• Oil Market Extremes And Opportunities

    USO - Since June/July 2014 oil has fallen ~ 60% from ~ $110 to ~ $43 a barrel.

    This fall can be attributed to a plethora of reasons including: an exponential increase of oil supply by US shale oil producers, Saudi Arabia's desire to retain market share by maintaining output, the vertical rise of the USD and investor sentiment towards oil.

    The above factors for oils decline have been answered by factors which will ultimately lead to much higher oil prices over the next several years including: oil rig count declines of 50+% and continuing to decline, US oil production declines over the past several weeks, increasing oil demand driven by the low oil prices and company capex cuts of 20-50+%.

    Opinions on the future price of oil vary widely. I hear fears of the US reaching maximum storage capacity which would send the price of oil to $30, $20, $10. Iran looms with 30+ million barrels of oil stored in supertankers ready to flood the WORLD with oil! Analysts have been competing with one another to have lower and lower price targets. Over the past several weeks you are no longer hearing calls for 30 and 20 dollar oil though.

    The oil inventory builds in Cushing, Oklahoma have slowed dramatically due to declining oil production and increasing refinery utilization. In the coming weeks I expect to see oil inventories in Cushing start to draw and the draw to accelerate thereafter. Iran is on the horizon but we are still a long way from reaching an agreement that will lift sanctions. Let's not forget that Iran is a member of OPEC; a regulated oil cartel.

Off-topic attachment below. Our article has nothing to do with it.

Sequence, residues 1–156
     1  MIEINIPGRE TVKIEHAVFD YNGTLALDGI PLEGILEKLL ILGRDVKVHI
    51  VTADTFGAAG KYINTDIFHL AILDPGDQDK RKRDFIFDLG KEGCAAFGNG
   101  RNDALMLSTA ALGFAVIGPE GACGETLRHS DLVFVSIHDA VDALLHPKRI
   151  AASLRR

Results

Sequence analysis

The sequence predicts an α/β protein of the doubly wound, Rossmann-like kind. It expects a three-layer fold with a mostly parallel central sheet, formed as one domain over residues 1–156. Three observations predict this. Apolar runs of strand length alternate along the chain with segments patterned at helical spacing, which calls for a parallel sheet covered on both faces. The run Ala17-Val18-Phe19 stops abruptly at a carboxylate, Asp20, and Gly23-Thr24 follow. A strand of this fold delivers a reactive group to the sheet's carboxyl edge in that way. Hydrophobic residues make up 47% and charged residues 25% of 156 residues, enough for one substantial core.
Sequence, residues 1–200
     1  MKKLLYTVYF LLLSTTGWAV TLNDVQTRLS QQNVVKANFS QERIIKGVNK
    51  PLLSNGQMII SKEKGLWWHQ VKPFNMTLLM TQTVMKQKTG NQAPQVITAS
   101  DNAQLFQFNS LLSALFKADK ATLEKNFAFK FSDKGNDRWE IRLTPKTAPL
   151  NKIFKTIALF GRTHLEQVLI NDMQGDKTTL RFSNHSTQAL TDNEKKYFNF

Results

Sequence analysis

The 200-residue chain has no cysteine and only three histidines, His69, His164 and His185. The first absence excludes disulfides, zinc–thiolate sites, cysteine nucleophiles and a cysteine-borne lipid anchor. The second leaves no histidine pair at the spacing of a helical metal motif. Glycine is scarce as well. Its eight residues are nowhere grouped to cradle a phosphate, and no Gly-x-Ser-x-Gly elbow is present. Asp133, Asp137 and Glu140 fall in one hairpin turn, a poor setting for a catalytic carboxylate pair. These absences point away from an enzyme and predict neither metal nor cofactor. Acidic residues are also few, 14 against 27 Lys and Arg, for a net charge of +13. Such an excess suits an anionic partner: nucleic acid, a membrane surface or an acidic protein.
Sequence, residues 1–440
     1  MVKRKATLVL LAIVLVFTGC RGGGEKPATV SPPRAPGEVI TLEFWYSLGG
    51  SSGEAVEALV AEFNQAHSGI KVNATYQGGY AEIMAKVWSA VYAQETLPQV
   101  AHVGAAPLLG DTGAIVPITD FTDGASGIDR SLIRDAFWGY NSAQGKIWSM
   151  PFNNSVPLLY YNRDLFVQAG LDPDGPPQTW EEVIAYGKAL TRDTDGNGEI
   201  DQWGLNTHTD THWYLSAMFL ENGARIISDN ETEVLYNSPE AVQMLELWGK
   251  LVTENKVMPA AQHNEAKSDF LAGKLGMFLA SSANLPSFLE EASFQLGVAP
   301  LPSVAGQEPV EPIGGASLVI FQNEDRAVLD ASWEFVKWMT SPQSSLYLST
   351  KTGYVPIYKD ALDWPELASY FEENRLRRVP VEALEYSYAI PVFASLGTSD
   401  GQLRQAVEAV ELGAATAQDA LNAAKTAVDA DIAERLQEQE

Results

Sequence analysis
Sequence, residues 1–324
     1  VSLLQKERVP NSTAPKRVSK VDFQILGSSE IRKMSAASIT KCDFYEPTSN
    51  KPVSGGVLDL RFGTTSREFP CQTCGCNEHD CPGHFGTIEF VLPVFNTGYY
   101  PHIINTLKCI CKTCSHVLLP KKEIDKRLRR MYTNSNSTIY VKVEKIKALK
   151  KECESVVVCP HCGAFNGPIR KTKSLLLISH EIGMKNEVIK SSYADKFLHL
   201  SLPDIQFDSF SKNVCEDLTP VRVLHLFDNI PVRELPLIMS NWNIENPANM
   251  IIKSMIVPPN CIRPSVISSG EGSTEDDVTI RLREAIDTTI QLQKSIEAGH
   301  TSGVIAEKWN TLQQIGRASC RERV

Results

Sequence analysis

Much bigger than short term oil storage issues or the Iranian concerns being focused on by the media; Oil is a finite resource. (It is especially a finite resource at a lower price)

    (click to enlarge)

    Yes; there have been new sources of oil discovered in recent years. Technology has advanced, and is continuing to do so, which has led to more efficient ways of extracting these new sources of oil. At the same time these new sources of oil are labor and resource intensive to extract; Canadian oil sands, US shale, deep offshore oil. The additional resources, labor and risk to extract the new sources of oil makes them more expensive to extract.

    World demand is growing with two of the most populous parts of the world just beginning to "come online" in regards to oil; India and China. This demand requires the new sources of oil to be used in order to be met.

    Where would the price of oil be today if there was no US shale oil revolution, Canadian oil sands or deep offshore oil?

    Looking back to July 2008 when oil was ~ $145, what drove the oil price to such a lofty price? The answer is increased demand and market sentiment.

    With world demand increasing (additionally to the world demand report below the 4/22/15 EIA report showed a 2+ million gasoline draw with US refineries operating at record levels), US production falling and Saudi Arabia production at a 30 year high, oil company capex cuts of 20-50%+ the recipe for a tremendous increase in oil price is in the cards in my opinion. Ref 1,3,4,5,6,7

    "All right Steve you have convinced me! So how can I take advantage of an increase in the price of oil?"

    There are many ways to take advantage of an increase in the price of oil. These methods include ETF's that trade with the price of the underlying oil futures contract such as USO, UCO, BNO, DTO, and DWTI.

    These are a few of the ETF's that trade with the price of the underlying futures contract. USO tracks the price of WTI, BNO the price of Brent and UCO, DTO and DWTI track the price with leverage in the direction of and in the opposite direction of the underlying crude oil futures contract.